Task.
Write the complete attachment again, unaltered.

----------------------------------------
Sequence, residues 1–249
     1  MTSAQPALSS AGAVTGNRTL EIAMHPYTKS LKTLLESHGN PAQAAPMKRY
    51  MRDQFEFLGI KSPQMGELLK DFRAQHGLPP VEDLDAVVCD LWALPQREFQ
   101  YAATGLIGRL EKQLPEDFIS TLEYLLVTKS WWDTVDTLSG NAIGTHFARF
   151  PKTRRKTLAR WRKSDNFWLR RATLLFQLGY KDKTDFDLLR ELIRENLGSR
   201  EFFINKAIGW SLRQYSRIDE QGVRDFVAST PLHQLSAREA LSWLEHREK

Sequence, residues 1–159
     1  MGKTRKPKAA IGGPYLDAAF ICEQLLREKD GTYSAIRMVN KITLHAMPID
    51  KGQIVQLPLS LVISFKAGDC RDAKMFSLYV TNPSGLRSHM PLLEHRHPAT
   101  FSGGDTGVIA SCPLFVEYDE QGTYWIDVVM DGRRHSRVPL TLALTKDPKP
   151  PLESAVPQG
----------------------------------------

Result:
Sequence, residues 1–249
     1  MTSAQPALSS AGAVTGNRTL EIAMHPYTKS LKTLLESHGN PAQAAPMKRY
    51  MRDQFEFLGI KSPQMGELLK DFRAQHGLPP VEDLDAVVCD LWALPQREFQ
   101  YAATGLIGRL EKQLPEDFIS TLEYLLVTKS WWDTVDTLSG NAIGTHFARF
   151  PKTRRKTLAR WRKSDNFWLR RATLLFQLGY KDKTDFDLLR ELIRENLGSR
   201  EFFINKAIGW SLRQYSRIDE QGVRDFVAST PLHQLSAREA LSWLEHREK

Sequence, residues 1–159
     1  MGKTRKPKAA IGGPYLDAAF ICEQLLREKD GTYSAIRMVN KITLHAMPID
    51  KGQIVQLPLS LVISFKAGDC RDAKMFSLYV TNPSGLRSHM PLLEHRHPAT
   101  FSGGDTGVIA SCPLFVEYDE QGTYWIDVVM DGRRHSRVPL TLALTKDPKP
   151  PLESAVPQG